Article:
Why Use a Pooled Trust?

All About Pooled Trusts

By Nathan Schnackenberg

Nathan Schnackenberg is Chief Operating Officer of Secured Alliance, Secured Futures, and Good Shepherd Fund.

There are many types of trusts out there, as well as a virtually unlimited ability to tailor the provisions of any trust to the grantor’s (person setting up the trust) unique specifications. With all the names, titles, and legalese, it’s no wonder most of us can get confused.

A trust is the legal document that governs how a third party (a trustee) is to own and administer certain assets on behalf of another individual. The trust document spells out the rules the trustee must follow in the administration of the assets held “in trust.” Failure to follow those rules can land a trustee in hot legal water, so it’s important that trustees be selected for their professionalism, knowledge, and sharp attention to detail.

Every standalone trust is unique and has its own unique tax identification number issued by the Internal Revenue Service, but a “pooled trust” is governed by a single document with a single tax identification number. The way someone would join a pooled trust is by filling out and signing what’s called a joinder agreement. By signing the joinder agreement, an individual is essentially saying, “I am comfortable with the provisions of the master pool document and agree to have my assets administered by the provisions set forth in that master pool document.”  

Pooled trusts provide all the same legal protections as a standalone trust, but they have the added benefit of being cheaper to set up. This is because there is no need to ask an attorney to draft a unique trust document. The trust document is already set up, and you just need to decide whether the provisions set forth in that document are agreeable to you.

The top reasons to attach to a pooled trust instead of asking an attorney to draft a unique standalone trust include:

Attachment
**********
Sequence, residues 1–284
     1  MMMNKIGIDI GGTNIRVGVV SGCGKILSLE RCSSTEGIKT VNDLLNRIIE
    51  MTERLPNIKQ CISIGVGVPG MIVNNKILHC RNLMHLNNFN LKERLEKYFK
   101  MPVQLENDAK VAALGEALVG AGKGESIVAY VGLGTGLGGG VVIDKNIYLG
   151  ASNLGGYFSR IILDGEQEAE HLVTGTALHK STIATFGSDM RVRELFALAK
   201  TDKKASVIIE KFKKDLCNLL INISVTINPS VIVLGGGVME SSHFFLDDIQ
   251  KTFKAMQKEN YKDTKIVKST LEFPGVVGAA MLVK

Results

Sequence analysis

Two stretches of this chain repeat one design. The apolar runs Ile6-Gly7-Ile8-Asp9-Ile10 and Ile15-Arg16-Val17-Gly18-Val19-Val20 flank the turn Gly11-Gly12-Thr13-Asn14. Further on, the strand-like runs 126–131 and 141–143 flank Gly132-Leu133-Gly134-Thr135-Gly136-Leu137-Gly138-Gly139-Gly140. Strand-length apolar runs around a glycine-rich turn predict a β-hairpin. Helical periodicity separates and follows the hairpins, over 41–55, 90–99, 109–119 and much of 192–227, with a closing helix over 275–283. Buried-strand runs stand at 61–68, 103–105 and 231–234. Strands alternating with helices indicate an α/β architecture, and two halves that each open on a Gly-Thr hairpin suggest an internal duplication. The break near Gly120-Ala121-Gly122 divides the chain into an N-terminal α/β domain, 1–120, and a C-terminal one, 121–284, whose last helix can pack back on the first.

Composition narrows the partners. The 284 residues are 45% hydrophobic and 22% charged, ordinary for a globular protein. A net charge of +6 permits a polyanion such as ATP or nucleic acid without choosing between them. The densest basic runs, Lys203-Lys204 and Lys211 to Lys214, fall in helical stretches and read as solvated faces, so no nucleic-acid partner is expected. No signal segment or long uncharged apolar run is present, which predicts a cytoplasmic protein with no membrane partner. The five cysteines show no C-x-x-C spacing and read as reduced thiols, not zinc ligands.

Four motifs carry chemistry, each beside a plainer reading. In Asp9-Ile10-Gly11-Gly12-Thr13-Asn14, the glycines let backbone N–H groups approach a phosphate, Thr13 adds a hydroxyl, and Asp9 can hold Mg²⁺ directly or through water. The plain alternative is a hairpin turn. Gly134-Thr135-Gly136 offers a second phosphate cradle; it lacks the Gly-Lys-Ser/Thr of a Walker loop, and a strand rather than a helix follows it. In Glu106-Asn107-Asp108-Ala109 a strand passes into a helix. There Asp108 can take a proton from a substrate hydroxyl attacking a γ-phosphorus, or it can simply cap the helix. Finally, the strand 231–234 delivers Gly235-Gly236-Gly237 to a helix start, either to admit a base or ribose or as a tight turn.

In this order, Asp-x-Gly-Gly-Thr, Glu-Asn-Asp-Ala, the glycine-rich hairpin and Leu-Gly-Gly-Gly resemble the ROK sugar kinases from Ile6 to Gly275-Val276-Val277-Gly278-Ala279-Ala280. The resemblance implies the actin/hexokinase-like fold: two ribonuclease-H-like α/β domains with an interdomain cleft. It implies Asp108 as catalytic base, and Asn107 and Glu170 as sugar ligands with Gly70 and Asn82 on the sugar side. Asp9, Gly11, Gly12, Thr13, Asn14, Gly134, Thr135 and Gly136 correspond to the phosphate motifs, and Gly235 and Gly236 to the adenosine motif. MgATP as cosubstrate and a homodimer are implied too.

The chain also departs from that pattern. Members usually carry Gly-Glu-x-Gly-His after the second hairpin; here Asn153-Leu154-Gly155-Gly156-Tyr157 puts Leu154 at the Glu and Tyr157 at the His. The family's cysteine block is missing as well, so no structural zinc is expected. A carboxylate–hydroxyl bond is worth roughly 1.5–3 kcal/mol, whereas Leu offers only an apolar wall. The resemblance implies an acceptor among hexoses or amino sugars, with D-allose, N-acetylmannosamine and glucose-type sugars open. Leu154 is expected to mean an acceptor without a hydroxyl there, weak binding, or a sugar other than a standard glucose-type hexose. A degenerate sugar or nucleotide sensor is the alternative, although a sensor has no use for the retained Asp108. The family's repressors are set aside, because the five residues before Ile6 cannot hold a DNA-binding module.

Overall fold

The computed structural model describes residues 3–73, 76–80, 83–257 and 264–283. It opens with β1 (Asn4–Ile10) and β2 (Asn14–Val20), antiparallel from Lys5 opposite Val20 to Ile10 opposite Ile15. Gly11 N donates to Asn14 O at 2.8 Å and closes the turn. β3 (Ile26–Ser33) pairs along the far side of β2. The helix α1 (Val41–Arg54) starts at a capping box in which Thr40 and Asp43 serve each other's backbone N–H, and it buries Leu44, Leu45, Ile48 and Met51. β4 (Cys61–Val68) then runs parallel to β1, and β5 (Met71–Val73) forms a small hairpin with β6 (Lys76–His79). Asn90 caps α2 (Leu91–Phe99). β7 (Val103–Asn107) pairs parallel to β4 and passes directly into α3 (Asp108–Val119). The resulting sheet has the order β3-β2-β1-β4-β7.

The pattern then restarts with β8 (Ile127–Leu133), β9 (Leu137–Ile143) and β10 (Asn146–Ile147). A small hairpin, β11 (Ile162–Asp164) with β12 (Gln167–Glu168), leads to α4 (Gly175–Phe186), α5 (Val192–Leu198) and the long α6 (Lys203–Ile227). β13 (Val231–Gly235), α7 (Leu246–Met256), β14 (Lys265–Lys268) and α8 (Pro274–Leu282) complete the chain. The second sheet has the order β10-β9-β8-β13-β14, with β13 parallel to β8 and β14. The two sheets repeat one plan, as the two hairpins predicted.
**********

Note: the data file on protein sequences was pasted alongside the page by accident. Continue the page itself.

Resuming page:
1. Pooled trusts are administered by nonprofit organizations and tend to be administered less expensively, relative to banks or large trust divisions
  2. There’s no need to draft a unique trust document, so one might expect to save as much as $3,000 to $5,000 in initial legal fees
  3. A more streamlined administration experience—pooled trust administrators are likely used to administering pooled accounts based on shared provisions, so the need to constantly consult the governing document or advisory council, as may be required in standalone trust administration, is nonexistent
  4. Some pooled trusts allow:
    1. Real estate to be held in trust
    2. Property or other unique holdings
    3. Assets to be distributed to assigned remainder beneficiaries at the death of the primary beneficiary (some pooled trust companies retain these moneys as a charitable contribution)
  5. Many pooled trusts don’t have a minimum funding level

Pooled trusts can save a lot of time and money for everyone involved. Secured Futures is a Pennsylvania-based nonprofit organization that has been administering a menu of pooled trust solutions since 2008, including:

Please find us at www.SecuredFutures.org for more information, or give our offices a call at 602-635-6674.